Chantal Hébert (The Toronto Star):
With six weeks to go to the Oct. 19 vote, it is still possible to chart a path to victory for the Conservatives, the New Democrats or the Liberals.
But after the equivalent of a typical 37-day campaign on the hustings, each party still has a tall order to fill to secure the bare minimum of a workable minority mandate next month.
- In a vote this week, Harper would have lost his bid for another majority and, possibly, the election itself. Only in the Prairies are the Conservatives decisively in the lead, and it is that region that offers them the least room for growth. In 2011, they won all but five of the seats in the three Prairie provinces.
The Conservatives lag well behind the Liberals in Atlantic Canada; the party is in fourth place in NDP-dominated Quebec and 15 to 20 points off its last election finish in British Columbia and Ontario.
Since the vote was called Conservative support has hovered around or below the 30-per-cent mark. For the sake of comparisons, Harper lost his first election as leader in 2004 with a score like that. […]
- This has been a good Labour Day for the New Democrats, with organized labour promising to round up votes on their behalf across the country. That active support might not have been as forthcoming if Mulcair’s party had not held the lead in voting intentions.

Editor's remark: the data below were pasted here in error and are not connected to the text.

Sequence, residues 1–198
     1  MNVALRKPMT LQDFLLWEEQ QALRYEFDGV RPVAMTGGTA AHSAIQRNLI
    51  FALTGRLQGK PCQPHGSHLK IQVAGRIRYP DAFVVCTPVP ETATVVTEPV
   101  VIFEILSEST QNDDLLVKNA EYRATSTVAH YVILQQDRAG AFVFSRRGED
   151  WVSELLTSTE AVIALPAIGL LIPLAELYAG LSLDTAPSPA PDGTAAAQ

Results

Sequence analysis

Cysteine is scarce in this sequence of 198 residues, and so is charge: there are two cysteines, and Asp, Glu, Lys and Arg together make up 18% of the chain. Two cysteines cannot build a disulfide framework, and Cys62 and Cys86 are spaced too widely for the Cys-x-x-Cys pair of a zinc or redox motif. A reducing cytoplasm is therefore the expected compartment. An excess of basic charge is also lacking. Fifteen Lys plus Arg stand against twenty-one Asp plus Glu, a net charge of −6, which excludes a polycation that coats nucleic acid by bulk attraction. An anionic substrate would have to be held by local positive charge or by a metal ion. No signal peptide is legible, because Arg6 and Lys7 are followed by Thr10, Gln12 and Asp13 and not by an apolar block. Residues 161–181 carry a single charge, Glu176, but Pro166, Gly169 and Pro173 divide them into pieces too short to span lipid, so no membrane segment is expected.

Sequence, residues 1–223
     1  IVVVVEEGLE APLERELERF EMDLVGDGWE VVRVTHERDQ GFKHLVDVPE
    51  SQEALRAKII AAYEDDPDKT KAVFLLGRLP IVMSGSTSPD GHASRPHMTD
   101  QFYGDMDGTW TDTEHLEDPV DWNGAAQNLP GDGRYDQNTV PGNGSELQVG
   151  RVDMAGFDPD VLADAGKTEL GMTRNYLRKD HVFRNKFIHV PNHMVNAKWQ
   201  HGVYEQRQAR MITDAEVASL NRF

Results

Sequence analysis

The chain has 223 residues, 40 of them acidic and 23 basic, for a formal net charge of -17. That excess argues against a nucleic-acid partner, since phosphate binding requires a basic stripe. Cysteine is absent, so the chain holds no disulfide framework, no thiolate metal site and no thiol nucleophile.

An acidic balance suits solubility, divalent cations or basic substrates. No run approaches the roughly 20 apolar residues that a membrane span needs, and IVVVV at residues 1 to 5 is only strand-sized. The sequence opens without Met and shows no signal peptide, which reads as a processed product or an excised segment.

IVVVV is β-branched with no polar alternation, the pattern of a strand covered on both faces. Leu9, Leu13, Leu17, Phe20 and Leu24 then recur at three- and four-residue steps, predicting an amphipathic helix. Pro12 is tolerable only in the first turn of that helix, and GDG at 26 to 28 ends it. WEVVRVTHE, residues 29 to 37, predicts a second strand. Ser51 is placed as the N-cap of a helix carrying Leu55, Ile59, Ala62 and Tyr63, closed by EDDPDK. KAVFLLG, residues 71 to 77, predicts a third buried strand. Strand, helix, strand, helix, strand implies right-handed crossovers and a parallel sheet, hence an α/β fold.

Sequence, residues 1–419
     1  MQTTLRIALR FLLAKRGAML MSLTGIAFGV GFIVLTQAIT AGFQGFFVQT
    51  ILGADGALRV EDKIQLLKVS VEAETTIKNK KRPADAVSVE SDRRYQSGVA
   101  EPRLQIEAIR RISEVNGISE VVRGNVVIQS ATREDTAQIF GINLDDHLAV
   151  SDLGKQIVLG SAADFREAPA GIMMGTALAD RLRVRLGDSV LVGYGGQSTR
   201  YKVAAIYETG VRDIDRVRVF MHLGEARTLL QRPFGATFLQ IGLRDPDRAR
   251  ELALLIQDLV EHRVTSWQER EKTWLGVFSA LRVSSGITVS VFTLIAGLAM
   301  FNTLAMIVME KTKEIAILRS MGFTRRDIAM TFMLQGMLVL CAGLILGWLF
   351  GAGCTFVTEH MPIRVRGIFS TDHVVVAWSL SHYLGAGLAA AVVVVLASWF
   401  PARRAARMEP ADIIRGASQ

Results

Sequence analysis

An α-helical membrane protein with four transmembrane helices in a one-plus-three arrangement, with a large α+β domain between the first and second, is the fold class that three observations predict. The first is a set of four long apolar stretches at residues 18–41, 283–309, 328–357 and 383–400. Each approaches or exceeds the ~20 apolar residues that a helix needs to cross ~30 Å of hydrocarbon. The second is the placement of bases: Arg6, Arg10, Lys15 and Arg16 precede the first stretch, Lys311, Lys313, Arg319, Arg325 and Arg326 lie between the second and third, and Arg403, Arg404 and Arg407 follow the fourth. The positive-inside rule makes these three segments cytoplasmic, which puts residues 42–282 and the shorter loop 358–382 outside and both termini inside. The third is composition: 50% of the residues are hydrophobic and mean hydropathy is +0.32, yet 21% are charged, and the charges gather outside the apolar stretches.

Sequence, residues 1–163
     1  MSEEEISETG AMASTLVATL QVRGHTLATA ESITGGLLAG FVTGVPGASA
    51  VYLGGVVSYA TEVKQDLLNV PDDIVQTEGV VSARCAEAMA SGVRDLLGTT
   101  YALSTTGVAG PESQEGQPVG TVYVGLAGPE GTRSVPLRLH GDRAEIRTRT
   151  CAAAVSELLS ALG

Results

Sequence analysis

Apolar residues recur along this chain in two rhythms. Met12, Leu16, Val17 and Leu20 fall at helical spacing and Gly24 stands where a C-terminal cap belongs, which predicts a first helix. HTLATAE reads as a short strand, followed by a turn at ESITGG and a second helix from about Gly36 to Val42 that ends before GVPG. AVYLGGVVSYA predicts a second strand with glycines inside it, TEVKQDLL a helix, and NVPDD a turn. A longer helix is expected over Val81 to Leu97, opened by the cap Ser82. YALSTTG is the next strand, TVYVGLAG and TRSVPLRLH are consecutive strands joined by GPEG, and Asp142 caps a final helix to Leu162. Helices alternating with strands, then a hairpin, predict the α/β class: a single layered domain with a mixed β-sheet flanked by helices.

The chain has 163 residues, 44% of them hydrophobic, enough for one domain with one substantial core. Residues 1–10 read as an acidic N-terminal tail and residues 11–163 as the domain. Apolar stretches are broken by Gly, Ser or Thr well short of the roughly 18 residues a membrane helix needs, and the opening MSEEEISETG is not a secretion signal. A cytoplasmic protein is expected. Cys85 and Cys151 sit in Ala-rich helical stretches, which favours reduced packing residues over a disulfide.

But what if the NDP should lose that card? For Canada’s unions, as for a critical mass of non-Conservative voters, achieving regime change is job number 1 in this election.
So far the NDP’s edge in voting intentions has been more a ceiling than a floor, with the race tightening over the past five week. A second orange wave in the making in Quebec has yet to translate into a flood of NDP support in Ontario.
At this critical juncture, Mulcair’s campaign outside Quebec could use a second wind.
- On the scale of expectations, the Liberals have had the better month. The party has registered a modest but real growth in support, and some polls suggest Ontario could become Trudeau’s to lose.
But the Liberal campaign is all but competitive in francophone Quebec, and without more support from Trudeau’s fellow Quebecers the party has faint hopes of winning enough seats to form a government.
In federal elections, Quebec tends to walk to the beat of its own drummer. It will take more than encouraging Liberal poll numbers in Ontario to move the province over to Trudeau. That may require a remarkable performance in the Sept. 24 and Oct. 2 French-language leaders debates.